Mothers Be Good To Your Daughters

Two semesters ago, while taking LGBT studies, I read an autobiographical short story written by Dorothy Allison. She is the author of Bastard Out of Carolina and she wrote about being raised as poor white trash and a lesbian struggling to find a place in a world she never seemed to belong to. Her life as an outcast seeps into her storytelling. Allison has the ability to make the most mundane daily events come to vivid life while maintaining a sense that you can relate to her regardless of how foreign the events she writes about may be.
Bastard Out of Carolina is thirteen years of Ruth Anne "Bone" Boatright's uncharmed life after being born to an unwed girl only fifteen years of age. Nothing in life comes easy to the Boatright family and Anney, Bone's mother, is no stranger to struggle. Bone's birth father is never in the picture. Anney marries another man, births another daughter and becomes a widow in just a short time. To fill the void in her life and seek a daddy for her girls, she ends up somewhat reluctantly marrying Daddy Glen after a lengthy courtship.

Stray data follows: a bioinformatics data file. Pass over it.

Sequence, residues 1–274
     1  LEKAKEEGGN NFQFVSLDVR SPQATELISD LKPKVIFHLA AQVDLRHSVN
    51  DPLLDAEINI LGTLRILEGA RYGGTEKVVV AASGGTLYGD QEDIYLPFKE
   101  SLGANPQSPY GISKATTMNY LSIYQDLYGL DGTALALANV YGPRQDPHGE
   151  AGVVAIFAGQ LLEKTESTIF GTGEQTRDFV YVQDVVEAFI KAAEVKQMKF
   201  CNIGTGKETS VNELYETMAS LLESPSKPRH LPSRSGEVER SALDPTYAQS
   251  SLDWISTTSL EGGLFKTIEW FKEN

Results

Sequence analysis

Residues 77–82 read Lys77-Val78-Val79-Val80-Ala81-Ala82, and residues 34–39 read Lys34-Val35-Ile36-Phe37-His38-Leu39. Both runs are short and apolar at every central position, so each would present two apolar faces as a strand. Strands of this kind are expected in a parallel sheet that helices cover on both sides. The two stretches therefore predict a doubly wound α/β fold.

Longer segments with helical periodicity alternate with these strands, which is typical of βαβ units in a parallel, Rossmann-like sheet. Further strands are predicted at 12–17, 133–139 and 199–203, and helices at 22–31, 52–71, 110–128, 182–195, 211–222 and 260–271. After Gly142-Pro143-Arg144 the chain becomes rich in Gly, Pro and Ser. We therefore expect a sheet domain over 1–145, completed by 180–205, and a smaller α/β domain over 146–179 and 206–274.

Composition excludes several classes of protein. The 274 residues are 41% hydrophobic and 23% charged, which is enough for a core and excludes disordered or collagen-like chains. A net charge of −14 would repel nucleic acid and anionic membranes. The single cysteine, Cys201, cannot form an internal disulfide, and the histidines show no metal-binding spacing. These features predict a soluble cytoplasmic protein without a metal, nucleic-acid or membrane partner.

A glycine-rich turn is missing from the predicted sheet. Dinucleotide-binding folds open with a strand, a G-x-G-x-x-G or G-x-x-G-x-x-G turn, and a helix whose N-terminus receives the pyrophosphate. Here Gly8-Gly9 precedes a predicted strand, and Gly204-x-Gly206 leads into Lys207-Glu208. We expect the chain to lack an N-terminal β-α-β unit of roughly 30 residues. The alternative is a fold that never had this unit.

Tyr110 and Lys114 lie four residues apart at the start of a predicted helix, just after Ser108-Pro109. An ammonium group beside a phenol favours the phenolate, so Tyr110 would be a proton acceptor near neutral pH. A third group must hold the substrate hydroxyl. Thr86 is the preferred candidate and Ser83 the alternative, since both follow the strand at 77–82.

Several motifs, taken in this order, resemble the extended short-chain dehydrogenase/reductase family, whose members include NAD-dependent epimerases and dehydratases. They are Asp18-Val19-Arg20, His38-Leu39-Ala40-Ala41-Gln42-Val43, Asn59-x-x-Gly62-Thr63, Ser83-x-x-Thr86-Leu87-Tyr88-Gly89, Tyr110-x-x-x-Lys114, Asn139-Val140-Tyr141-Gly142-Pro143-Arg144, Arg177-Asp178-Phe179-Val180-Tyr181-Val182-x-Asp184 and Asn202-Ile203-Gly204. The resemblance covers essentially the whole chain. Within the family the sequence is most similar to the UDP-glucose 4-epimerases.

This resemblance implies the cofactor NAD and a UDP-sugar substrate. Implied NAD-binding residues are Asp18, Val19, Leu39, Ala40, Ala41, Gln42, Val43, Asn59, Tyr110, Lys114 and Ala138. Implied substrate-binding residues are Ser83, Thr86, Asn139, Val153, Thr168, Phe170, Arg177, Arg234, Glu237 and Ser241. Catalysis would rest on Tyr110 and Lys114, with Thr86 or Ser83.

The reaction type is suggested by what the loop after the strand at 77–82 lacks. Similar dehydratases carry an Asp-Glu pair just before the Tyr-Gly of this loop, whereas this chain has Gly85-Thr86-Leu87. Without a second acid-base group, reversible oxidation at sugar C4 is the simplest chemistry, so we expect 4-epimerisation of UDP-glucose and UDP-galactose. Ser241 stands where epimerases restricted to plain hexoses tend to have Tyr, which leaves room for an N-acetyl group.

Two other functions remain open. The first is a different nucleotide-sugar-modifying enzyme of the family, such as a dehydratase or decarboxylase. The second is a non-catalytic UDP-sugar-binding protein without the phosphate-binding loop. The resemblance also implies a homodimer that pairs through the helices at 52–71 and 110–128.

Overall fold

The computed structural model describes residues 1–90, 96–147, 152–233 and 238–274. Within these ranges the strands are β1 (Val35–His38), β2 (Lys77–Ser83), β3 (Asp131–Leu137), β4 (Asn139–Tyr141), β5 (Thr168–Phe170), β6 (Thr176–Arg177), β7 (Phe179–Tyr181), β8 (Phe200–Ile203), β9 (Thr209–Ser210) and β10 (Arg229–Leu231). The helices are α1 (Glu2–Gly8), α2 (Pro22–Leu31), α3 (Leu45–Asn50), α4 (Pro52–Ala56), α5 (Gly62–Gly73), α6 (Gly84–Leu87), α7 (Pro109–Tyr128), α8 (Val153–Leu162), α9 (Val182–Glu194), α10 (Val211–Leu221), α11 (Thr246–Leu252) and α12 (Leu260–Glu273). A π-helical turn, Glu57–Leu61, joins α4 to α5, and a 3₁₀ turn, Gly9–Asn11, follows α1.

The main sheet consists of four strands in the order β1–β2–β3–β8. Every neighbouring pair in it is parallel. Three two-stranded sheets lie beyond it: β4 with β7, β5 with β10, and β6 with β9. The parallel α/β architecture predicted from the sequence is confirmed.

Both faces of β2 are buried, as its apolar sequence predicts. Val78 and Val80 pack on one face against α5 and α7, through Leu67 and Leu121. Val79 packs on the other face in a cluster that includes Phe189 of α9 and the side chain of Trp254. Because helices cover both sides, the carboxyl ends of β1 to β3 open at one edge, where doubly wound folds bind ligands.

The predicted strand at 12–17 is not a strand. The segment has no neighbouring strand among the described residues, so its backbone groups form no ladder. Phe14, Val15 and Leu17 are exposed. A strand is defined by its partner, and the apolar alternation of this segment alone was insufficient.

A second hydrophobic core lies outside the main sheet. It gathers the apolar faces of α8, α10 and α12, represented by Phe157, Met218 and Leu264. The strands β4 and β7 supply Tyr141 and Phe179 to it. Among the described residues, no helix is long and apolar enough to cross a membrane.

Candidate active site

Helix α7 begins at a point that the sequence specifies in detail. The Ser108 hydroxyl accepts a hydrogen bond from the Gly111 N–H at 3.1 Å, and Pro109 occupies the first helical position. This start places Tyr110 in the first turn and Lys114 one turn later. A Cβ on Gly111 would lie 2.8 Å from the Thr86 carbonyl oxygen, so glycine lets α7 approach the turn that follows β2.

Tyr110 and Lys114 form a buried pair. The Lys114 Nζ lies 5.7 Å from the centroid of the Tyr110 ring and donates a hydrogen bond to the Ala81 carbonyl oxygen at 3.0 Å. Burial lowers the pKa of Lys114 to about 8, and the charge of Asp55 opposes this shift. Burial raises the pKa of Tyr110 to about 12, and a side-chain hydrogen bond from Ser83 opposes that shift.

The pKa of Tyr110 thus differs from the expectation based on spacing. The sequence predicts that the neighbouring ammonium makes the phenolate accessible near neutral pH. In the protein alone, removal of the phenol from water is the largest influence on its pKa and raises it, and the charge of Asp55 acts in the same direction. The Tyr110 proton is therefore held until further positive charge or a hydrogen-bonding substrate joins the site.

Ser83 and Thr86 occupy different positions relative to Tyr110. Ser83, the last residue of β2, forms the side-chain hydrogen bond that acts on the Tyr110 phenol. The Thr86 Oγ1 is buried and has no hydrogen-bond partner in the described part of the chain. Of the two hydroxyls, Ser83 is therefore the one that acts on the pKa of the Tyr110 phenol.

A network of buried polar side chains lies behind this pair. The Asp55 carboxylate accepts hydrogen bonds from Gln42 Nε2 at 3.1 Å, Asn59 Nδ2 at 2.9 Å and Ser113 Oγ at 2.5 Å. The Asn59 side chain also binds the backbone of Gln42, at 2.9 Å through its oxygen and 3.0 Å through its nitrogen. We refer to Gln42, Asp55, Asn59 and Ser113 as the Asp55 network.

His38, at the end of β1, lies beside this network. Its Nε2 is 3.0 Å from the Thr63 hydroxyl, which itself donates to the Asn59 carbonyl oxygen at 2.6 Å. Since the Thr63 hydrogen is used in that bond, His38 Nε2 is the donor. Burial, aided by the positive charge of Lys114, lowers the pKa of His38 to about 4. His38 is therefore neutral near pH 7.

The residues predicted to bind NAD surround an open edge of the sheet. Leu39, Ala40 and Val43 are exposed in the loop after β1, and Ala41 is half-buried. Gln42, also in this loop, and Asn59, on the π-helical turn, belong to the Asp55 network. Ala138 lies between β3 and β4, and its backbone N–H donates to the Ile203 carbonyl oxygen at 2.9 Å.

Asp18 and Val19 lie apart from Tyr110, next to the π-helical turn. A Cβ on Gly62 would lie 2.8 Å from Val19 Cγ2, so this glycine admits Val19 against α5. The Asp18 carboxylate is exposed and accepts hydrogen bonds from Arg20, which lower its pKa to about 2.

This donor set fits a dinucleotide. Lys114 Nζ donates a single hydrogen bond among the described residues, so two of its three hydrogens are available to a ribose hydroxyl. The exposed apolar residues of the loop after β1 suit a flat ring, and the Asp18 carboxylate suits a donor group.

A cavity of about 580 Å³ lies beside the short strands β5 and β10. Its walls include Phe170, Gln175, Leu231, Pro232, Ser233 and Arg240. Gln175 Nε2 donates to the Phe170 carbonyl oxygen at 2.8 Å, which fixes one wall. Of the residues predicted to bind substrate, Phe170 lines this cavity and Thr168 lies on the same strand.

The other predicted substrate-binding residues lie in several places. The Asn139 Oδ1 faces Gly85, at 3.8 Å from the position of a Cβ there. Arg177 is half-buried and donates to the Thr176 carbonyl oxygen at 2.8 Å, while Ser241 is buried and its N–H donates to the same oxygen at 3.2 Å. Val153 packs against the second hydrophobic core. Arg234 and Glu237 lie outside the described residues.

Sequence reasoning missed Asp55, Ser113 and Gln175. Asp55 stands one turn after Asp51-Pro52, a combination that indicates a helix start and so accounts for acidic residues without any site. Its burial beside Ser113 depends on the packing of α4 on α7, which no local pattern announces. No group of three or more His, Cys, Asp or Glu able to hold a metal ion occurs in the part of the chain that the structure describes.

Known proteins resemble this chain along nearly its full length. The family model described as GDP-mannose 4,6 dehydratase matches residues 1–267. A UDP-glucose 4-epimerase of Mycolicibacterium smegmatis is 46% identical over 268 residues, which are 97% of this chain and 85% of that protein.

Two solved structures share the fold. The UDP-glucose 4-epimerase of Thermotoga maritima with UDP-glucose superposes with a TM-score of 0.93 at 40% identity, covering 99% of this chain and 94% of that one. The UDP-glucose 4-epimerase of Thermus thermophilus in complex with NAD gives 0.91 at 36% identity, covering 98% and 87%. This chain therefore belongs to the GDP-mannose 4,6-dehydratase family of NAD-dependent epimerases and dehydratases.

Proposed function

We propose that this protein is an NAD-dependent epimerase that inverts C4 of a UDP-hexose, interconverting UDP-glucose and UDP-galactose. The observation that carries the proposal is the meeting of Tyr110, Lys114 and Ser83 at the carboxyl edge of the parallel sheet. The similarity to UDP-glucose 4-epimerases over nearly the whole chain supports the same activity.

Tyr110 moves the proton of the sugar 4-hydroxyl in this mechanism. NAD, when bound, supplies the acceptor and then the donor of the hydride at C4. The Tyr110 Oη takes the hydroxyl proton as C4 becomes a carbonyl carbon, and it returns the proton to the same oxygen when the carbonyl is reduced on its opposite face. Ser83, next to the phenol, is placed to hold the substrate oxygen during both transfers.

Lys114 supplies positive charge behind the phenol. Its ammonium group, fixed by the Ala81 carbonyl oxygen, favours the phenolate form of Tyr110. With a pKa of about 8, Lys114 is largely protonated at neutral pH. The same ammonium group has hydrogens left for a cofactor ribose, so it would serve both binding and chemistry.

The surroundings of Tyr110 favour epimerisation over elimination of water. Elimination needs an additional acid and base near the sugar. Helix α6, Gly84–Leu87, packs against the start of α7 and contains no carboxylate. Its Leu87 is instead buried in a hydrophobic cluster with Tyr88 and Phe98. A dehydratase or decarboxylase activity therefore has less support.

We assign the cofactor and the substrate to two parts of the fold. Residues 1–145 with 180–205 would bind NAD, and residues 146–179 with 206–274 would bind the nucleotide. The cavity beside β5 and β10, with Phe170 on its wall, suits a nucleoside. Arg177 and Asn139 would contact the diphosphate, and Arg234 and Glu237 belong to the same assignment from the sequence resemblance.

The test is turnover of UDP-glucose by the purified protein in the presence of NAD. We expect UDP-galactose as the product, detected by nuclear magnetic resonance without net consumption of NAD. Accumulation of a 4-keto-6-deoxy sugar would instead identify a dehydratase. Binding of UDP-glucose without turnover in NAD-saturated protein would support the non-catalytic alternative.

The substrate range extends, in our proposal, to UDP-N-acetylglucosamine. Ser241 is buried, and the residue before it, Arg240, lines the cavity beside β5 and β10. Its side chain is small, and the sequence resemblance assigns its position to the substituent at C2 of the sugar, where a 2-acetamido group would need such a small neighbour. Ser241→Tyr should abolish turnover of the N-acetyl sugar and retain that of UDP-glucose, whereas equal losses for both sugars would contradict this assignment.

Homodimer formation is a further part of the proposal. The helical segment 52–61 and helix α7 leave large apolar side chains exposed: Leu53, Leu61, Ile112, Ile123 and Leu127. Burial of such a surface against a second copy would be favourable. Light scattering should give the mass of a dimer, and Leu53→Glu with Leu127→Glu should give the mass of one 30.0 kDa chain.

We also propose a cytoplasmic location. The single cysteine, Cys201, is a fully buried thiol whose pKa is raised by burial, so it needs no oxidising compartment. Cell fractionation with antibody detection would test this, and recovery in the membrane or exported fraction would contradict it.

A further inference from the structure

The struggles that ensue are dark ones, but Bone is nothing short of hardened and resilient. Daddy Glen's resentment towards her is eventually expressed through physical and verbal abuse. Anney is torn between being a mother and a lover. Ultimately, this book is about the impact of family relations - flawed, healthy and otherwise. I truly did not want this book to end. Although there is rarely a happy moment throughout, the story is brilliantly told. A true classic.

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